horse racing
horse race, hippodrome, horses @ Pixabay

The Melbourne Cup is known as The Race That Stops a Nation for a reason. On the first Tuesday of October every year, the country holds its collective breath to see who will claim Australian horse racing’s most coveted prize, and while most people understand the basic details of the event, here are five Melbourne Cup fun facts that you might not know.

1. The Melbourne Cup was first held in 1861

The very first incarnation of the event was held way back in 1861, when the famous Archer won the first of his two Cups in dominant fashion. Since then, the Melbourne Cup has been held each and every year, meaning it has been run an incredible 160 times in total. In that time, there have been a total of 154 different horses to be first past the post in the nation’s biggest race.

2. Makybe Diva is the only horse to win three Melbourne Cups

With 154 different winners in the 160 times that the race has been run, clearly it’s a rare feat for a horse to win the Melbourne Cup on multiple occasions. Five horses have managed it – the aforementioned Archer the first two times it was run, Peter Pan, Rain Lover, Think Big, and of course the incredible Makybe Diva. The first four managed it on two occasions, but Makybe Diva went one better, winning the race with jockey Glen Boss aboard three consecutive times between 2003 and 2005.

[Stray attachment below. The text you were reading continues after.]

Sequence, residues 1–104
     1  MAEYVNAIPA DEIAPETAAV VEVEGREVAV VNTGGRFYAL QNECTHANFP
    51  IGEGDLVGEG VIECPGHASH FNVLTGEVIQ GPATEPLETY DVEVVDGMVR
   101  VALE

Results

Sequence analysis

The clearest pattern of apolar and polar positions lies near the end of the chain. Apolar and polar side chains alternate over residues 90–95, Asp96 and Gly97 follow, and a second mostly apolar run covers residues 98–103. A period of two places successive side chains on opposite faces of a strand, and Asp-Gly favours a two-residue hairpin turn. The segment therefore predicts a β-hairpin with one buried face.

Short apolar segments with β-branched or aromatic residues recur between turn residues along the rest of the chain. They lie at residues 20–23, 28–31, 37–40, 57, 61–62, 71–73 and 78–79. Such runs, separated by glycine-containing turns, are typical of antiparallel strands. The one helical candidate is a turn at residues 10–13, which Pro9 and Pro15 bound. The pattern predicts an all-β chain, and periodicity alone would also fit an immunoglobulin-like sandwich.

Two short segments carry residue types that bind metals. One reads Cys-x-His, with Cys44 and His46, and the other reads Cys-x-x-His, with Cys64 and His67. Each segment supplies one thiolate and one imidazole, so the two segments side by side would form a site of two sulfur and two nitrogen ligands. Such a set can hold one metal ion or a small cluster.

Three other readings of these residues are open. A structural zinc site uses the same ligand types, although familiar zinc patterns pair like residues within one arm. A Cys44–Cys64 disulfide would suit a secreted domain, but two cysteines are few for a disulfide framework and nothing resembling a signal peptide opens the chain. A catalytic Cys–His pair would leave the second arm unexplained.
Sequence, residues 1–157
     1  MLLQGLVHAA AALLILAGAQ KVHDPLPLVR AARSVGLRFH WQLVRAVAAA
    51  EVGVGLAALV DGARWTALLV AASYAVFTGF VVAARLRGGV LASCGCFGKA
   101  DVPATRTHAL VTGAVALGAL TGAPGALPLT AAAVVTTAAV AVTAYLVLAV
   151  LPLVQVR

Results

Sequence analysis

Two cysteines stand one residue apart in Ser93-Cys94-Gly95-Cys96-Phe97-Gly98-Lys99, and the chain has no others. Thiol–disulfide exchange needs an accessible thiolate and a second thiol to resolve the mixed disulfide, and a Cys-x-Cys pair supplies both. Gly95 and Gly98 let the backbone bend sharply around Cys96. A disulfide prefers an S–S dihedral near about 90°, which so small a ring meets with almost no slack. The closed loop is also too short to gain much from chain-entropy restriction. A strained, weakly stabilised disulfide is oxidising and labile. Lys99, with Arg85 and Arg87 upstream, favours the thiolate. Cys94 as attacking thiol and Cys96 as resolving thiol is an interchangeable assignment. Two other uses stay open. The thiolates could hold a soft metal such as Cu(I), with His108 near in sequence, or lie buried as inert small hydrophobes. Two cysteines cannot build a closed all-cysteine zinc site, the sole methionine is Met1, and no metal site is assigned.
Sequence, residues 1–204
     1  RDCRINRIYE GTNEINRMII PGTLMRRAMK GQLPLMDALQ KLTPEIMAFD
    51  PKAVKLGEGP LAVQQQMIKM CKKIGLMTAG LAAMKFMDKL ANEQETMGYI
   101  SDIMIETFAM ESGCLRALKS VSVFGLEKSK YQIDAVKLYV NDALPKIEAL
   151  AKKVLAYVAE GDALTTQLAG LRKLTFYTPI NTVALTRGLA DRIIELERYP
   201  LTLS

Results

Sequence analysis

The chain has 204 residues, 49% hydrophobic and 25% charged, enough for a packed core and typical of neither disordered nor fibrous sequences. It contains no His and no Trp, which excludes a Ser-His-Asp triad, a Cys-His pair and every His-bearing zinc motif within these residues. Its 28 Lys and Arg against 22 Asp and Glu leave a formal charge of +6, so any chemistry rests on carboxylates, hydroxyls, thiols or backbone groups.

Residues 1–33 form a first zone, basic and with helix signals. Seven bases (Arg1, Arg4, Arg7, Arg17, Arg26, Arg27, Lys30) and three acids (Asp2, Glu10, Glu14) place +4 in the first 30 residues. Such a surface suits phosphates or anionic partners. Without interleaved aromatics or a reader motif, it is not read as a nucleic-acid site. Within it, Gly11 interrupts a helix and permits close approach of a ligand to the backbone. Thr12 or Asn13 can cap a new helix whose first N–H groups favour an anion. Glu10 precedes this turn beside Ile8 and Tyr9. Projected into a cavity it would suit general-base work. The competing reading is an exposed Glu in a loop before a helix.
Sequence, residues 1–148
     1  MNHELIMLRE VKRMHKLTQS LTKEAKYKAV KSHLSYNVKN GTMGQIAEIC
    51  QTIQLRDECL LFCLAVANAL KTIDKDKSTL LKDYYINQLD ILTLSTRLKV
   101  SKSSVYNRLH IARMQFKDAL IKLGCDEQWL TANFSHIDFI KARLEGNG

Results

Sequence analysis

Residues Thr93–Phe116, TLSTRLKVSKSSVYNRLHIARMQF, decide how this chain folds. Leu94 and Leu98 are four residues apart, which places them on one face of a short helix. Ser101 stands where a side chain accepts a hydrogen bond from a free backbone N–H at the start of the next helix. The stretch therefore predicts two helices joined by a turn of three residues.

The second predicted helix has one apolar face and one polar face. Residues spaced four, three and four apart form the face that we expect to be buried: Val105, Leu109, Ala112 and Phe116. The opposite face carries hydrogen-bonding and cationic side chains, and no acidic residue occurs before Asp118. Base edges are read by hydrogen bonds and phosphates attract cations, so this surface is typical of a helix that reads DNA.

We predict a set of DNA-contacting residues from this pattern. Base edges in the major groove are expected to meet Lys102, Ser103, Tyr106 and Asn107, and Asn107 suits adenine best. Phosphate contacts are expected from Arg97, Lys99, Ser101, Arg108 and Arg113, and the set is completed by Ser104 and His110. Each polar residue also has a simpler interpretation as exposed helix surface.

3. Michelle Payne was the first female jockey to win the Melbourne Cup

It took 154 years, but when Prince of Penzance saluted in the 2015 Melbourne Cup, jockey Michelle Payne made history as the first ever female jockey to win the event. Making the victory even more incredible was the fact that Prince of Penzance, a gelding out of New Zealand, was given virtually no chance to win the event, with some bookmakers offering as much as $101 odds for him to win when the race jumped.

4. The Melbourne Cup has a total prize pool of $8,000,000

If you ever ask yourself why is the Melbourne Cup so special, this number should go some way to answering your question. First place enjoys a $4.4 million prize, second earns $1.1 million, while even the 12th placed horse will earn $160,000 for its connections. It’s a far cry from the winnings earned back when Archer was winning in 1861 – it’s generally reported that in that race, a total of £710 was given to the winner.

5. Kingston Rule ran the fastest ever time at the Melbourne Cup

It was in 1990 that the American-bred Kingston Rule broke the record for the fastest ever finishing time at the Melbourne Cup, and 21 years later that record is still standing. It was a fast run race, with the top four all finishing within a couple of lengths of each other, but Kingston Rule was first past the post in a blistering 3:16.30. A number of other horses have gone close since: Media Puzzle ran the 3.2 kilometres in 3:16.97, while both Protectionist in 2014 and Twilight Payment last year ran it in under 3:18, but for the time being Kingston Rule’s time still stands alone.

With a plethora of quality horses all putting their hands up for 2021 Melbourne Cup favouritism, perhaps this could be the year that Kingston Rule’s 21-year-old record is broken. But whether or not that record is challenged, it promises to be another thrilling edition of the Race That Stops a Nation.


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